9 August 2019

Polyurethane (PUR/PIR) insulation and recycling. How to effectively manage PU waste?

The subject of the meeting involved planned activities regarding the circular economy. PU Europe, bringing together representatives of the polyurethane foam industry, decided to work out a joint position on possible management methods of waste generated by the industry. The result of joint works is to create clear guidelines. It is worth looking closer at what current PU waste management looks like and how to do it effectively.

Recycling of polyurethane foams

The PU producers themselves currently meet the environmental requirements. It is about continuous pursuit to reduce production waste. As far as construction waste is concerned, the trend seems to be to produce prefabricated components finished to be assembled on a construction site and generate almost no waste. However, it should be remembered that in practice most buildings are not constructed from prefabricated elements, which will also become waste in the future. In order to recover as much of the raw materials as possible, appropriate procedures should be developed for both construction waste generated during assembly and strictly demolition elements.

 

Buying in PU waste as well as available technologies for recycling polyurethane foams currently offer a number of opportunities to effectively manage these types of processes. How can efficient processing and reduction of PU look like? Some possible solutions can be found below.

PU waste treatment

It is crucial that both production and construction polyurethane foam waste can be recycled and reused. Remember that this type of material does not rot, is resistant to mildew, has low thermal conductivity, and at the same time is characterized by low weight and high mechanical strength. So how can it be processed? Both construction and production waste can be the basis for new high-density boards, as well as profiles that effectively replace wooden and wood-chipboard elements. However, it should be remembered that as far as mechanical recycling is concerned, boards made of glued cuttings show lower thermal insulation properties than the finished product.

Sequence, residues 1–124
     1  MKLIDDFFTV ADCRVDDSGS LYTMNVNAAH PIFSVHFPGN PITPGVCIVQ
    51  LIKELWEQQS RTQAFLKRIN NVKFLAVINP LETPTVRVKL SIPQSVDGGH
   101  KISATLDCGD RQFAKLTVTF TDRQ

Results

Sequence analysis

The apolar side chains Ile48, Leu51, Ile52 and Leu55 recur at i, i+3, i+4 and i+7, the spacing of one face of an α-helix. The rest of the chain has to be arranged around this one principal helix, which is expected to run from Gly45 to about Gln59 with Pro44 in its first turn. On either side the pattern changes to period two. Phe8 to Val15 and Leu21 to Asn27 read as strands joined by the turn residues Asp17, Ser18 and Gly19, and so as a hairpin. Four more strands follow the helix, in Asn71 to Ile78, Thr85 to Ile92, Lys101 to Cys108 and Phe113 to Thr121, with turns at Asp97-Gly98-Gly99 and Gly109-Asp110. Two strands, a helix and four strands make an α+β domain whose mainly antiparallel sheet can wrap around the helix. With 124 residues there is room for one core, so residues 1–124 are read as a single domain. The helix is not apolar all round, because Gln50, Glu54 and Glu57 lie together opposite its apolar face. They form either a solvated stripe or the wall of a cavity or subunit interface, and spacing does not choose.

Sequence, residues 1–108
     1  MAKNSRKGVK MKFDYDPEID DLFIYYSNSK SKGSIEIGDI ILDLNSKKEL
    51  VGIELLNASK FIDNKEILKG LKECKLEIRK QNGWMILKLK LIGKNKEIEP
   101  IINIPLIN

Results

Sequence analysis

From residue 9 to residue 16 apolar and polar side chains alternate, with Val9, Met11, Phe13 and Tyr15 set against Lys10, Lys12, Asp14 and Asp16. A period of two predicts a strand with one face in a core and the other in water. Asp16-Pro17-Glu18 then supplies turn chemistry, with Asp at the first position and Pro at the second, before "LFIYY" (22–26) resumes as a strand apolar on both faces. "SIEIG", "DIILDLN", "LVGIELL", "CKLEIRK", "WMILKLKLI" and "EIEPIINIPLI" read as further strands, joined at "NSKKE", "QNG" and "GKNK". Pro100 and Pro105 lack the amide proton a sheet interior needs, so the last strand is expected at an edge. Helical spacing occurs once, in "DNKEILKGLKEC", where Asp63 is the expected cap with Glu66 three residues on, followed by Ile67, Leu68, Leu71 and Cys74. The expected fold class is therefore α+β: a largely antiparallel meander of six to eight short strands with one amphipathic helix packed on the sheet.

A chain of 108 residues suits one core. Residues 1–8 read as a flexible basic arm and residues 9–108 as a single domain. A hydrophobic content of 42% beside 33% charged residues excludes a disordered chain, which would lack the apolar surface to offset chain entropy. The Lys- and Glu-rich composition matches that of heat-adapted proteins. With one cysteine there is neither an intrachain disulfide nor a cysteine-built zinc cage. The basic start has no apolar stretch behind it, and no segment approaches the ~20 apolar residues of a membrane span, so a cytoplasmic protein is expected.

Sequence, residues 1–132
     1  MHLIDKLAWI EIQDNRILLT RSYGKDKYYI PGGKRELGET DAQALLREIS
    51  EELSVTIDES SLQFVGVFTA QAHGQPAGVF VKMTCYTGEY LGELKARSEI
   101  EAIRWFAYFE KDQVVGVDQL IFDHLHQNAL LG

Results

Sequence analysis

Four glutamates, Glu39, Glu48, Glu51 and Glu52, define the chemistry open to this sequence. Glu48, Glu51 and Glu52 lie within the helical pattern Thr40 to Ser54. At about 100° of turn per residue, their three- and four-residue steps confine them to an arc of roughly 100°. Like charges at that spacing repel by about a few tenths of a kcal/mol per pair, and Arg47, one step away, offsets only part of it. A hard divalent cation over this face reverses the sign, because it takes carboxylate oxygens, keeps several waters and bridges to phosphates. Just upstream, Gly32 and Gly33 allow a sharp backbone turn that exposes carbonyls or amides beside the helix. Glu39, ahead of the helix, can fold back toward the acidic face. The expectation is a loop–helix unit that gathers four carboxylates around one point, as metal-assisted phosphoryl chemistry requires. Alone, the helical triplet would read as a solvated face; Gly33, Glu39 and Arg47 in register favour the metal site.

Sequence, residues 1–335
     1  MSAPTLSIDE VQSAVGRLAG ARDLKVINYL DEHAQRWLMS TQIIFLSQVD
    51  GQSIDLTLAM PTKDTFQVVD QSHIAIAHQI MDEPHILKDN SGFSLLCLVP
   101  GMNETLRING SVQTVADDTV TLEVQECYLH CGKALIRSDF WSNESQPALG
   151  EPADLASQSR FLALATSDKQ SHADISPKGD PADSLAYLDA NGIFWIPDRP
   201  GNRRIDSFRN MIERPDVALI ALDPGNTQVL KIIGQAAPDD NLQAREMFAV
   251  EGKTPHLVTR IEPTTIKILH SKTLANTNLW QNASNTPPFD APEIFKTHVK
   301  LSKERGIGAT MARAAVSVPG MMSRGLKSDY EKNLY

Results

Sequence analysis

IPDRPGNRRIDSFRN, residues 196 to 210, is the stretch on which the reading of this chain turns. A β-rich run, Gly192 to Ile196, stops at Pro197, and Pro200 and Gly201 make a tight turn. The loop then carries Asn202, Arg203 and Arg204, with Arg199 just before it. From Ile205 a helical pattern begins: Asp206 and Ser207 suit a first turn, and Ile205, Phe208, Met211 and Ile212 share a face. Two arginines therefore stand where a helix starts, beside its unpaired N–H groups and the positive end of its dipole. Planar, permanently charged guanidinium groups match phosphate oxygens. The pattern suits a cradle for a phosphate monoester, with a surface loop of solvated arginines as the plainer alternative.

Appropriate processing of PU waste means that it can form the basis of façade elements and partition walls, as well as doors, window frames and kitchen benchtops, and even components of trucks and trains. One of the most effective methods to manage PU waste involves processing it into products for thermal and acoustic insulation of floors. Waste foam is then the basis of granules combined with cellulose and additives. Such insulation material is evenly distributed over the ground. The described solution allows, inter alia lower a floor height, which can make it easier to assemble doors and stairs.

Reusing of PU

It is worth noting that PU insulation boards are most often mechanically fastened, and thus it is possible to separate them from other structural elements in buildings as well as reuse. This applies especially to insulation and sandwich panels fixed in pitched roofs. However, this solution seems appropriate mainly for minimally invasive and relatively easy installation forms.

Recycling of steel from sandwich panels

By analysing the application of sandwich panels and currently used PU recycling technologies, it is impossible not to notice that steel is one of the most attractive resources found in these materials. It can be processed many times. However, it should be remembered that steel cladding can be removed and re-processed, although this is time consuming. On the other hand, there is a method of recovering this type of cladding in a special destructive device.

The future of PUR/PIR recycling

The described options are not all. In the near future, a special branch of recycling, i.e. chemical recycling, which uses technologies such as hydrolysis, aminolysis and glycolysis, can be developed, as well.

 

It should be considered that there is a possibility of using PU dust to produce new insulation and sandwich panels or a possibility of adding polyurethane foam waste to lightweight concrete, cement screed and façade cladding. All above elements allow being optimistic about PU recycling, hoping that all processing technologies will be in line with the spirit of ecology and energy efficiency.